Does Security exist outside of the speech act?

Security Studies and International Relations were traditionally dominated by realist and neo-realist conceptions of security—which privileged the self-interested nation-state and the concept of national security understood in military terms. These objectivist approaches define security in terms of the threat, use and control of military force by state actors (Walt, 1991: 212). Such approaches are based on the assumption that security exists out there independently of the observer (Booth, 2003: 85) in the anarchic international system. In the post Cold War epoch various challenges to Realist approaches to Security Studies arose—which entailed a movement away from objectivism and rationalism, toward more interpretive modes of analysis (Krause & Williams, 2003: 48).

One such challenge was put forth by the Copenhagen School, who sought to broaden the security agenda by conceptualising security within the analytical framework of “securitisation”. Securitisation defines security as a social construction, not as an objective condition, but as the outcome of a specific social process. A champion of this framework, Waever (Buzan et al, 1998: 26) regarded security as a “speech act”: an utterance which represents and recognises phenomena as “security,” thus giving it special status and legitimising extraordinary measures (Buzan et al, 1998: 26).). Within this understanding, the utterance is itself the act (Buzan et al, 1998: 26). Hence, the meaning of security exists within the discourse of security, which identifies a threat and calls for emergency measures. This social constructivist reading of security attempts to broaden the security paradigm by claiming security status for a multitude of issues and referential objects in the economic, environmental and societal realms as well as the military and political ones (Buzan et al, 1998: 1).

This paper will contend that security is a social construction, hence a social fact produced in discursive practices and social interaction. Thus security can only be known in terms of the intersubjective social processes through which it is produced and reproduced. Whilst emphasising that security is the outcome of social processes and that our knowledge of security can be governed by certain discursive formations, this paper will also contend that the speech act methodology is too narrow, inasmuch it reduces social phenomena to certain textual markers and fails to address the materiality of discursive practices and thus the existence of security outside of the speech act. Moreover the Copenhagen School’s slender focus on the “speech act” as the central form of communicative action in the construction of security means that it fails to grapple with developments in communicative media and to account the production and reproduction of truth and knowledge through images.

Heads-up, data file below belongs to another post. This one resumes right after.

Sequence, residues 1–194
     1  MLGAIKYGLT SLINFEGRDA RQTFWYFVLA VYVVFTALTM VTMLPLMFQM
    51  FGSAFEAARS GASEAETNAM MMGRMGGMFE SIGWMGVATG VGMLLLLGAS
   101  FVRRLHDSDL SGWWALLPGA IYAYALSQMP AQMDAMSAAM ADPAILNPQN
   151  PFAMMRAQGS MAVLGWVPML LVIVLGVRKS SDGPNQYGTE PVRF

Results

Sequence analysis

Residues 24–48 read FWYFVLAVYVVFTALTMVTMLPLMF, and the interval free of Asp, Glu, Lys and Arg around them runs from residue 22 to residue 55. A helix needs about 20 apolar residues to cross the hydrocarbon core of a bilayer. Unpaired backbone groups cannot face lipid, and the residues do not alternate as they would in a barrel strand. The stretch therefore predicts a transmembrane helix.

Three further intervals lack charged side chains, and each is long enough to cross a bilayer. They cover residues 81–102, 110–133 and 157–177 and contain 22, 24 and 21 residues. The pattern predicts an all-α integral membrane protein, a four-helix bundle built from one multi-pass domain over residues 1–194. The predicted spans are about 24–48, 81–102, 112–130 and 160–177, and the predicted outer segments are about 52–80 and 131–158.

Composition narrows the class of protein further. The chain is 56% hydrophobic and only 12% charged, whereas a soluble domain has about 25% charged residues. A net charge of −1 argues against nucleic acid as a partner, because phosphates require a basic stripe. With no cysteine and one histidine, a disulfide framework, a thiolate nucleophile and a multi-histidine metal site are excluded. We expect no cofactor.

This paper will argue that security does exist outside of the “speech act”, by first outlining the theoretical assertions made by the Copenhagen School, and then problematising the definition of security as a speech act in terms of its failure to access the reasons why and how particular phenomena are constructed as security threats in different contexts. An adherence to the speech act framework renders the Copenhagen School unable to contextualise the processes of securitisation and reflects their unwillingness to question the meaning and content of security. Moreover this essay will offer a critique of the “speech act” theory of security by invoking poststructuralist conceptions of the production of truth through discourse and the material effects of such practices. The content of security cannot be understood as fixed, but rather as a multifaceted set of processes whereby the content and nature of security is open to argumentation and dispute and must be contextualised in order to understand the nuances of its construction. In essence, this essay accepts the epistemological assumptions made by Waever et al—namely the social constructedness of security—but problematises the definition of security as a “speech act”, on the grounds that it fails to acknowledge the role of physical practices and context in the construction of security.